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I remember, when we were living in California, how much I missed the seasons. My husband planted a little maple outside the kitchen window so I could see the leaves come and go, but the beautiful autumn I longed to see outside my kitchen window was never really there.

After many long years, we moved lock, stock and barrel to the east coast where I was surrounded, in addition to my own brood, by extended family. The seasons came and went and I was happy at last. Autumn came in all its glory, winter was dressed in white, spring sprouted green and summer luxuriated in salt water spray.

It’s no doubt that seasonal change affects the mood and tone of life. Indeed it often directs how comfortable we feel in our own skin. I’m sure that’s why we, here in the northern hemisphere, have Thanksgiving and Christmas during the dreary colder days of November and December when we are still pining for the warmth of spring and summer. By January and February we have finally accepted turtle necks and sweaters and are mostly enjoying the crisp clean feel of chilly mornings and the early onset of snug evenings by the fire.

The change of seasons also present a challenge to those who are grieving the loss of a loved one, especially a child. Each season has memories of its own. Those in the throes of grief gear up for the demands of each season as they approach. Just when a season ends and a sigh of relief is exhaled, another season begins.

But it doesn’t have to be that way forever. To all you newly bereaved out there, there does come a time when you can enjoy the seasons again. As the years go by the pain gets less and less until it becomes a bittersweet feeling. Gradually the bittersweet feeling turns into a calm, accepting state of mind and one day the feeling of joy sneaks up on you. Guilt follows, but not for long. Pretty soon you start to bring along your deceased loved ones and you’re all enjoying the holiday together. At least, that’s the way it was with me.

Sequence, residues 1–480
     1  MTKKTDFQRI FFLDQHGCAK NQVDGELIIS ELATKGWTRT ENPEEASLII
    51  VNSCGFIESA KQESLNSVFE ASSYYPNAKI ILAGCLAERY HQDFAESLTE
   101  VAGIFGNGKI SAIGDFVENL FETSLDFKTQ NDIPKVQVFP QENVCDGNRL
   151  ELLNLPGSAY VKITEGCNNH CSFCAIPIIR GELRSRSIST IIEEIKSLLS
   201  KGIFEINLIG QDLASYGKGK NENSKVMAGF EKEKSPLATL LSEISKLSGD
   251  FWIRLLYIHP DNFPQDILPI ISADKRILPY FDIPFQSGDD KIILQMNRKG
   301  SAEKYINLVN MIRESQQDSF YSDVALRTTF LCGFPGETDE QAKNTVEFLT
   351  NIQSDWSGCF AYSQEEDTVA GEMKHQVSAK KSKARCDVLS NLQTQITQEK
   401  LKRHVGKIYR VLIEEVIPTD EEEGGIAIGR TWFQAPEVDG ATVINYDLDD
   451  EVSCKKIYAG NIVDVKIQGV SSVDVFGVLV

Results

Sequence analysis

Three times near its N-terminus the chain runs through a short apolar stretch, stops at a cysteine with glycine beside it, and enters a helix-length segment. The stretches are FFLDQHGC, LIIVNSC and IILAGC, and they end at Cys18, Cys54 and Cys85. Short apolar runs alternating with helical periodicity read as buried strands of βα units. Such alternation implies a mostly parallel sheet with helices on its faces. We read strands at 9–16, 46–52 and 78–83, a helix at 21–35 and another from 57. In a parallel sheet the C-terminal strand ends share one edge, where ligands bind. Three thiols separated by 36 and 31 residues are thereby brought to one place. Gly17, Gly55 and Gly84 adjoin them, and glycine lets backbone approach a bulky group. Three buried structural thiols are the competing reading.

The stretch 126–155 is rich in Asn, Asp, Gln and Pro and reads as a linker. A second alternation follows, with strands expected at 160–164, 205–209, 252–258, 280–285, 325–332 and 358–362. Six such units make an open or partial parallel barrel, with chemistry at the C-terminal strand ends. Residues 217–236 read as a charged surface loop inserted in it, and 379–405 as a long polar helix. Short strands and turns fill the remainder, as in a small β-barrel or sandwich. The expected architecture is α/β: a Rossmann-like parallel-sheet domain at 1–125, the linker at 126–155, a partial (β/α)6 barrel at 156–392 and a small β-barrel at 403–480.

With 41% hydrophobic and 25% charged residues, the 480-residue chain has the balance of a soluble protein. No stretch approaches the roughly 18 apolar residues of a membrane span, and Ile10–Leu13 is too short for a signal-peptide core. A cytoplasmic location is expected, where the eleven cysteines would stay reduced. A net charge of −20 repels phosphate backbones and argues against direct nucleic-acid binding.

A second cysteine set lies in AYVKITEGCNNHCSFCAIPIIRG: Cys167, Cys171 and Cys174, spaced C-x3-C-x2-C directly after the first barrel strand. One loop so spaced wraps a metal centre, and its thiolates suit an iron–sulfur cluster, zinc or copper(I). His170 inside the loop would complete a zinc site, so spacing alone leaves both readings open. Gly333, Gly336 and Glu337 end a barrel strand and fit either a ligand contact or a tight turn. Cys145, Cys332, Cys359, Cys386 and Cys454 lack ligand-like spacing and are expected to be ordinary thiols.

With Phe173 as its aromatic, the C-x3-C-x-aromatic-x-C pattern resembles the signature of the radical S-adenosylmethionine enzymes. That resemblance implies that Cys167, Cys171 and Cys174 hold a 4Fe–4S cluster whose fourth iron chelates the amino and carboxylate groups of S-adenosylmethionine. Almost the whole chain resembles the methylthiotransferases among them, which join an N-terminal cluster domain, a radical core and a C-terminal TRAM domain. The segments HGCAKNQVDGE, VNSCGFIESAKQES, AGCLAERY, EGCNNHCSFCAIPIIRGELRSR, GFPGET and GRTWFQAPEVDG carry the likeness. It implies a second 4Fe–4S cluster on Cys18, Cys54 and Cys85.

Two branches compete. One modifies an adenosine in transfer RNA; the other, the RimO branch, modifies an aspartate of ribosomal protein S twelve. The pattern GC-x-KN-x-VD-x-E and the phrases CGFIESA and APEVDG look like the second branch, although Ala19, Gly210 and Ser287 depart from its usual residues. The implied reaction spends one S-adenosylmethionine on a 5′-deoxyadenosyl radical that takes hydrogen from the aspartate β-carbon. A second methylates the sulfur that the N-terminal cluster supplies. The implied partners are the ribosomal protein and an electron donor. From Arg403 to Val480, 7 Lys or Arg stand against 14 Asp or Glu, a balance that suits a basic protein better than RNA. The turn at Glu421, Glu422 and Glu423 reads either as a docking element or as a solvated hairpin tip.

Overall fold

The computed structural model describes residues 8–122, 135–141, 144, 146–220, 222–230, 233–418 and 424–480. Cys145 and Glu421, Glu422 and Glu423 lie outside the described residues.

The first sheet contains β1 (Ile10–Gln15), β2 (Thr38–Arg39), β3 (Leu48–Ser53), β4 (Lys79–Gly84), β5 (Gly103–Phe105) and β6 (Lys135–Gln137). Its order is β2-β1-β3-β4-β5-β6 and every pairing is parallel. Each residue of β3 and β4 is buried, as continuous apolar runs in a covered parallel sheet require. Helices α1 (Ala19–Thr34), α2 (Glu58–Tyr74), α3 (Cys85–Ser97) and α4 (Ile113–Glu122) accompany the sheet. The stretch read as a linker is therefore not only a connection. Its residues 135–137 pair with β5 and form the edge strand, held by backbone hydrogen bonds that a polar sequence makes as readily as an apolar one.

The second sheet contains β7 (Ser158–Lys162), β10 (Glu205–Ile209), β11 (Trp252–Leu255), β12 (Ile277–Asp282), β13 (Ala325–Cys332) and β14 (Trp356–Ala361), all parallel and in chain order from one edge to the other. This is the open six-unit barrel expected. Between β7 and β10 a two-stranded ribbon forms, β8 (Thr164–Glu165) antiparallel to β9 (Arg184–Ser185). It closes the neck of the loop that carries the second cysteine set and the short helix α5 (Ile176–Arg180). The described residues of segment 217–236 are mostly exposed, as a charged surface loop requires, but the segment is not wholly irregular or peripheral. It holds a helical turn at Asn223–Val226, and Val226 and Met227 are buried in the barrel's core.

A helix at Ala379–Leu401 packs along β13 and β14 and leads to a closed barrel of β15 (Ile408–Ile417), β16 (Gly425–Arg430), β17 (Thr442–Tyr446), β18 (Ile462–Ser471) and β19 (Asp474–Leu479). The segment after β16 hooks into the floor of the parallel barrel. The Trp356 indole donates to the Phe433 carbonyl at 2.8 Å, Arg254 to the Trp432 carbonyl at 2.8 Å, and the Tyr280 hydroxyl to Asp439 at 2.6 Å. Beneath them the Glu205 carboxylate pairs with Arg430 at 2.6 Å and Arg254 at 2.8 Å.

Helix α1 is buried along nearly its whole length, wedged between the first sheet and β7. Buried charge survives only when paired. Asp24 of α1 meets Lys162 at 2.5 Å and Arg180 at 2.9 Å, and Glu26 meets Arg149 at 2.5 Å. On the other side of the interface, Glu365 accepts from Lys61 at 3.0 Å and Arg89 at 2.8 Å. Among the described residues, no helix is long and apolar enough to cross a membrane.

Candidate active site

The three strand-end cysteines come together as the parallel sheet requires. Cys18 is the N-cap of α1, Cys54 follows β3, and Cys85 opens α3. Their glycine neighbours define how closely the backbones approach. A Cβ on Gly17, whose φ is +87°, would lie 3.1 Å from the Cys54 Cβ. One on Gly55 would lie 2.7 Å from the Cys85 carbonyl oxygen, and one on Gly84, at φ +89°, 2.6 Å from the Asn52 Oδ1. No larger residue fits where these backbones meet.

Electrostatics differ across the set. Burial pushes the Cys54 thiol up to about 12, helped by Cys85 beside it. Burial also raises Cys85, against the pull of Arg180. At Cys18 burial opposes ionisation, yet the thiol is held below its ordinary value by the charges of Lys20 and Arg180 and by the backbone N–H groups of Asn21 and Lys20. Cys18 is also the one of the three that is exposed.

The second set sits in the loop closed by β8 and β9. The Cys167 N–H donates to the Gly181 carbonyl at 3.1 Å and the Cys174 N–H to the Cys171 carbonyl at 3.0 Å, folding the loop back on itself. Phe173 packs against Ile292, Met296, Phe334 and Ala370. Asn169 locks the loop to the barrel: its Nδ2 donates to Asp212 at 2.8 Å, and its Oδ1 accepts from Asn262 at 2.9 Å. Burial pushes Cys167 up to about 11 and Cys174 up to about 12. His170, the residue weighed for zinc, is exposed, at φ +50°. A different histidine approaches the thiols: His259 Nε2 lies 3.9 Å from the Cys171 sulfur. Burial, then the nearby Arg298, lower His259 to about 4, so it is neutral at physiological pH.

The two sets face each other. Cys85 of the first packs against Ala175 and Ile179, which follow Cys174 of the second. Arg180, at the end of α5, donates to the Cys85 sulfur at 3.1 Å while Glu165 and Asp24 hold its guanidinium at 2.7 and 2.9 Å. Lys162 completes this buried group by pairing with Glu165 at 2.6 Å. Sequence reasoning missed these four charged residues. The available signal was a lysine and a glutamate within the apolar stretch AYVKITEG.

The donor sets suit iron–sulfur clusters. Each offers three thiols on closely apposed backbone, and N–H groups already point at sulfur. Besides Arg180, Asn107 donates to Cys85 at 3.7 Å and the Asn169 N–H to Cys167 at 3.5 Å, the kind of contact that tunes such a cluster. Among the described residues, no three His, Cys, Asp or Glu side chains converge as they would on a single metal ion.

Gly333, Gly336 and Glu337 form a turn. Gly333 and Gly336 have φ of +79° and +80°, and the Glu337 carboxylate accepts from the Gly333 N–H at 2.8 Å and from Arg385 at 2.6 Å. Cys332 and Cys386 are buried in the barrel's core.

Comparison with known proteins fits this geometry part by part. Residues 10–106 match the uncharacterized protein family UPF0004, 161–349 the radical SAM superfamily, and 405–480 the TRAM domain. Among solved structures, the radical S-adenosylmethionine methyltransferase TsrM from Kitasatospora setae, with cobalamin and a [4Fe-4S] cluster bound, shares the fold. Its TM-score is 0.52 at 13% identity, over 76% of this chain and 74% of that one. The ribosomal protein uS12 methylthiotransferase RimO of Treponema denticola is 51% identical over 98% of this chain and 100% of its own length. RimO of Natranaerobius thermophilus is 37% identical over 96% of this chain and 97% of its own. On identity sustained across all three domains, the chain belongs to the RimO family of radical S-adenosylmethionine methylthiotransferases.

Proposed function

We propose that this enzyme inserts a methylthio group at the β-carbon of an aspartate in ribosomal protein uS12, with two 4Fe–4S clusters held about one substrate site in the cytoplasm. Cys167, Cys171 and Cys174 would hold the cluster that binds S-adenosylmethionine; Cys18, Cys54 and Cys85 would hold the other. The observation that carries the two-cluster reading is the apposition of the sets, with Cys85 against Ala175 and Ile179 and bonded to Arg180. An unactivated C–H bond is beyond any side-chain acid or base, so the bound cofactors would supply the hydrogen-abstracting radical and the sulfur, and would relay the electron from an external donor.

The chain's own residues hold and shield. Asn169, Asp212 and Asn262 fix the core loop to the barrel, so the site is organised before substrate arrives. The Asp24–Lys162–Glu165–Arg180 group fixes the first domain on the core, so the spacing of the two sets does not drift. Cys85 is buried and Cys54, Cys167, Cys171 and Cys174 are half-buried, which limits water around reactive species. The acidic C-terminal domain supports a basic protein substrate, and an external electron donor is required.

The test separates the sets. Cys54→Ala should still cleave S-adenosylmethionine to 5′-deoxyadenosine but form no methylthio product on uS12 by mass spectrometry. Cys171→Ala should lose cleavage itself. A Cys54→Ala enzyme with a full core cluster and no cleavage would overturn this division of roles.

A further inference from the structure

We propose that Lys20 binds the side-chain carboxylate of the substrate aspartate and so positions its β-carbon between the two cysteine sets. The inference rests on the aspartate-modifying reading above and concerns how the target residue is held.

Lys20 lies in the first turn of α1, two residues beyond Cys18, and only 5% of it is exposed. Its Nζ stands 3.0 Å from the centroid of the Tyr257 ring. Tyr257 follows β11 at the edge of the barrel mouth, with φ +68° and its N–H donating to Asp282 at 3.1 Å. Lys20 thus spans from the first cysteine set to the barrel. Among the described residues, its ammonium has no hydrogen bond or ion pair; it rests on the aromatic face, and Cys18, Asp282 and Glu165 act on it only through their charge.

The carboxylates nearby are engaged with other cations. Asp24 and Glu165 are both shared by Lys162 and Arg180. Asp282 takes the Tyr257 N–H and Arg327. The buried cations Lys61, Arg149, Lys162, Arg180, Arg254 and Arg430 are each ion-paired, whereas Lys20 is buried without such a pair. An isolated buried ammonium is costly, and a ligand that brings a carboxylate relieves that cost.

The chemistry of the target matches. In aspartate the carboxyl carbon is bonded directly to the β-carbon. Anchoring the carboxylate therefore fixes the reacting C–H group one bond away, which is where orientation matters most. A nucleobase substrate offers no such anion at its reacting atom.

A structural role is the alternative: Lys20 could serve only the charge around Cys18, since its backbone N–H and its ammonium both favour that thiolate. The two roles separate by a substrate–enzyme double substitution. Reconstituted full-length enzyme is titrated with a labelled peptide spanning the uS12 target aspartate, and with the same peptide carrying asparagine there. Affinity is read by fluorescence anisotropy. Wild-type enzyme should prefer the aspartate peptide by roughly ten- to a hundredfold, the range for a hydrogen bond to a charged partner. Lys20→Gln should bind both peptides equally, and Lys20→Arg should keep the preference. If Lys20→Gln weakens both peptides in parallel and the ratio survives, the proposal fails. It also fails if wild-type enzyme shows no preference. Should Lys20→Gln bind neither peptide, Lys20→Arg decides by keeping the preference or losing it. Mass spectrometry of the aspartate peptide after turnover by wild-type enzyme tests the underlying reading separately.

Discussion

I can now feel joy again, and not that horrible stab of pain, when we gather around the Thanksgiving table or when it’s time to open the Christmas stockings. I know my loved ones, my daughter in particular, are right there with me sharing in the smiles and delight of a new season.

Life marches on. It carries us forward, lock, stock and barrel, into seasons of joy, hope and, yes, despair. I can hear my daughter say to me now, don’t let the tears rain on your parade. It’s a message from heaven. Let the seasons begin.

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